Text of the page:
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CASE REPORT
Year : 2020  |  Volume : 9  |  Issue : 1  |  Page : 418-423

Facts and figures on medical record management from a multi super specialty hospital in Delhi NCR: A descriptive analysis


1 Department of Hospital Administration, Institute of Liver and Biliary Sciences, New Delhi, India
2 Department of Amity Institute of Hospital Administration, Amity University, Noida, Uttar Pradesh, India
3 Department of Community and Family Medicine, All India Institute of Medical Sciences, Rishikesh, Uttrakhand, India

Correspondence Address:
Dr. Stuti Verma
Department of Hospital Administration, Institute of Liver and Biliary Sciences, New Delhi - 110 070
India
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Source of Support: None, Conflict of Interest: None


DOI: 10.4103/jfmpc.jfmpc_612_19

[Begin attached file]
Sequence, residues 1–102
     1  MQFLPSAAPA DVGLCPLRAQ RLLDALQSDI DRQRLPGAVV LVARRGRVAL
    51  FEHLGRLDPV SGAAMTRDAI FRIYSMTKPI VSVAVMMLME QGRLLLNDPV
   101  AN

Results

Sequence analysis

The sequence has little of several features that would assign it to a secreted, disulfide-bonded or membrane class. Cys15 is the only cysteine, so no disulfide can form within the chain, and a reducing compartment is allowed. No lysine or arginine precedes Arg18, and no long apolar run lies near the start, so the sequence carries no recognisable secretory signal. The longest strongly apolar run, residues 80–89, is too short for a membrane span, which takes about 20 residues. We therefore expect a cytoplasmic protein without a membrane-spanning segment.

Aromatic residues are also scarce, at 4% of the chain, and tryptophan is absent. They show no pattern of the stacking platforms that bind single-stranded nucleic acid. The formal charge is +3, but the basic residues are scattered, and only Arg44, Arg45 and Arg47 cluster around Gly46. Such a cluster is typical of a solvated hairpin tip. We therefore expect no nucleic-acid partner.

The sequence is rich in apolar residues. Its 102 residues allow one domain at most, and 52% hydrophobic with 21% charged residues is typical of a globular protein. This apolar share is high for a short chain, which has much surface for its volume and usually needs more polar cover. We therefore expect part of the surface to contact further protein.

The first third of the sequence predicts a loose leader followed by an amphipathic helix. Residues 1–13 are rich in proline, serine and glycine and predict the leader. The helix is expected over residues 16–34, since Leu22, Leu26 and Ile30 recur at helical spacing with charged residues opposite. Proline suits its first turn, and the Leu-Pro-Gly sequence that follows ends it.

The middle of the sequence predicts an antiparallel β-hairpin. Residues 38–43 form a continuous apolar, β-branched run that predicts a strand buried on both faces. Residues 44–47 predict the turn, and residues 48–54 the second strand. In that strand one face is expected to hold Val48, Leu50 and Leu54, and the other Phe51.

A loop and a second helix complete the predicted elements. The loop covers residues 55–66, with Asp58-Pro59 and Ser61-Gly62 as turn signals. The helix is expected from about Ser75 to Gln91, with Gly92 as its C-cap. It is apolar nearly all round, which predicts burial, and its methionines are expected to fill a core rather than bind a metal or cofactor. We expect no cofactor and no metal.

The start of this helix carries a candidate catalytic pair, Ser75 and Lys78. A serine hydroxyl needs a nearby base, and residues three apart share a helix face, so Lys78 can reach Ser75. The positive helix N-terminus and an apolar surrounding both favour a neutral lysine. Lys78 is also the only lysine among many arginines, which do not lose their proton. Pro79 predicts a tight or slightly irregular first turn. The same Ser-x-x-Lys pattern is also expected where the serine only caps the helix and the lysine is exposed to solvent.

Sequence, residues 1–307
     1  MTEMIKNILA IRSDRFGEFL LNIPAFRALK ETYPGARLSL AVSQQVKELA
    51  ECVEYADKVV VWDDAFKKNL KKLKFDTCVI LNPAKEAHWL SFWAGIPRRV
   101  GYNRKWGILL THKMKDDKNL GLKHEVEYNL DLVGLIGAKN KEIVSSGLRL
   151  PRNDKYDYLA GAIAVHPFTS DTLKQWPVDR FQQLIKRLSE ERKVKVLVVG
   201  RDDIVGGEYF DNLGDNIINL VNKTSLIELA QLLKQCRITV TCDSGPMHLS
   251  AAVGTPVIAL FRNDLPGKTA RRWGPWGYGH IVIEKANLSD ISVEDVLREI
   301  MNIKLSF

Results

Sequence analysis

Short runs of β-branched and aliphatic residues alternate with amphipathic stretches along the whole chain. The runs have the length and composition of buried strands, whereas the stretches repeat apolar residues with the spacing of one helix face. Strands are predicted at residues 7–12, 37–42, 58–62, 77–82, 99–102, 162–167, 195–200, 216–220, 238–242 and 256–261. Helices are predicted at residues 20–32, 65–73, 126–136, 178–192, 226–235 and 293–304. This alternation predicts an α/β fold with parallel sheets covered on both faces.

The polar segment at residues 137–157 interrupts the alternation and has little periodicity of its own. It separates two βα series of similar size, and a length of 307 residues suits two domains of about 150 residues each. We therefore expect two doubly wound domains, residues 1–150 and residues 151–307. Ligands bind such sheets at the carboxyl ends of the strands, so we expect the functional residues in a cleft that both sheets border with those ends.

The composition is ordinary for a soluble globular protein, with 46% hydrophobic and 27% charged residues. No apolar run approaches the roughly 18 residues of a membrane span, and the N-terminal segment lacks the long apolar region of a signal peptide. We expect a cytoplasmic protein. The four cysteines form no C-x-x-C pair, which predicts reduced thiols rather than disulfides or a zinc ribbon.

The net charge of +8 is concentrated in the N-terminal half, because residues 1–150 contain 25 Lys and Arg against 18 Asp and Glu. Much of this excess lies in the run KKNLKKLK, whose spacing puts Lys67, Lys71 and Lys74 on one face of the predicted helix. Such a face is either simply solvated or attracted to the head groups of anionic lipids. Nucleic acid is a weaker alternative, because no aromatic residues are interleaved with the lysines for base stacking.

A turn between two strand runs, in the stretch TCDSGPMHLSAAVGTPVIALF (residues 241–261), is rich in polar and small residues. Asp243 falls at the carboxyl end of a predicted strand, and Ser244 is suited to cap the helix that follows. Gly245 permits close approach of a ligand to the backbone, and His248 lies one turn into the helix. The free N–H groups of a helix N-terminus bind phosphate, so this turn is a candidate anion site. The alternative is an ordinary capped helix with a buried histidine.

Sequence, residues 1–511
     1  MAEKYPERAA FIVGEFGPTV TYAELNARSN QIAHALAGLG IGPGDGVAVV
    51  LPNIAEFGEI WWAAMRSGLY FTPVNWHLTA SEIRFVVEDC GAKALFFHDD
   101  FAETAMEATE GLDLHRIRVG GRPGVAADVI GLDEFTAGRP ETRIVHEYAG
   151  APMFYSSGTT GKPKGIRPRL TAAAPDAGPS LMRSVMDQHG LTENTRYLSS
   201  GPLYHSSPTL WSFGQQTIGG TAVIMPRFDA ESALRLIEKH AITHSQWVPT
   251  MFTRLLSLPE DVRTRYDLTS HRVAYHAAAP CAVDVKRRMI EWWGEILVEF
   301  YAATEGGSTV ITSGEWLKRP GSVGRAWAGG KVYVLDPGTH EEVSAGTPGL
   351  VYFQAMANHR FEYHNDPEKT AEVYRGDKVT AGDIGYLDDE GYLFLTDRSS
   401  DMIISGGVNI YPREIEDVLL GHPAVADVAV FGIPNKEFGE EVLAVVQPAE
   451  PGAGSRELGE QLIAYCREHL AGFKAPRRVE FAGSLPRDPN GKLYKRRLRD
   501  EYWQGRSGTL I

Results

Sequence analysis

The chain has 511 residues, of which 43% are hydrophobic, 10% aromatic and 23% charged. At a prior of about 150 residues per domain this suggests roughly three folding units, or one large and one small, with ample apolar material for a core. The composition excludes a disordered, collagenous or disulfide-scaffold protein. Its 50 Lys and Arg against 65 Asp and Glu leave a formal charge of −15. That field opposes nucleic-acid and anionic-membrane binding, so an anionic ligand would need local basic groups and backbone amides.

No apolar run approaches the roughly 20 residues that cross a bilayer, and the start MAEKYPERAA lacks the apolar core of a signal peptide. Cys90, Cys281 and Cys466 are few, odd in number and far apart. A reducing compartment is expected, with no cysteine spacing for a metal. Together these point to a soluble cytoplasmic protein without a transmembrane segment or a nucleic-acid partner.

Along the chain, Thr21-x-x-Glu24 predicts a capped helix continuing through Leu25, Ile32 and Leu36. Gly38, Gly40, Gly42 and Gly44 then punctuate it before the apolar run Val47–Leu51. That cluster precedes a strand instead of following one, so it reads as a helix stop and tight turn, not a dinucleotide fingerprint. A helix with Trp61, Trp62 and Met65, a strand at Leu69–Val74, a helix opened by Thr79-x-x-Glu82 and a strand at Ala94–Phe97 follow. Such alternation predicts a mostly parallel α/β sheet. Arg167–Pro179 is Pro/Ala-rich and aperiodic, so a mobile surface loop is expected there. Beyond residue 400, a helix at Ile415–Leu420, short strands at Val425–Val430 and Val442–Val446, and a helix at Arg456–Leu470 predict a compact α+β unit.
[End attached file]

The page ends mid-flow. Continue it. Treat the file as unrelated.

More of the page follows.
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Aim of Study: A study of the medical records department of a multi super specialty secondary care hospital in NCR. Materials and Methods: Primary data was collected through direct observation and retrospective study of documents maintained in MRD. Secondary data was collected from quality control department books, journals, scholarly articles, and internet. Results and Conclusion: Sample sizes of 350 retrospective and current medical records were thoroughly scrutinized. Conclusion revealed the hospital has published as exhaustive medical records manual listing and the scope, objective, hierarchy chart, job description, policies, procedures, and processes. The MRD has a well-documented flow process of medical records, but on checking the flow of patient records between Nov 2016 to Feb 2017; it was revealed that in month of Nov 2016, out of the total 278 patients discharged only 276 files were received in MRD and 0.72% files were not received. Moreover, it took over 31 days for 71 patients (23.67%) to receive files in MRD. In Jan 2017, out of 286 patients discharged, only 237 files were received in MRD contrasting to 10.14% files not received. Moreover, it took over 31 days for 28 patients (9.80%) to receive files in MRD. In Feb 2017, out of 268 patients discharged, only 206 files were received in MRD and 22.39% files were not received as on 11 March 2017. This study concluded that there is no effective system in place to monitor/track files from ward/billing section to MRD once the patient is discharged. Clinical Significance: Medical records are valuable to patients, physicians, healthcare institutions, researchers, National Health agencies, and International health organizations. Memories fade, people lie, witnesses die; however, medical records live forever. A thorough system of flow process of monitoring/tracking files is to be in place to ensure accountability, smooth functioning, and quality of care being provided without violating basic patient sight of confidentiality of information.


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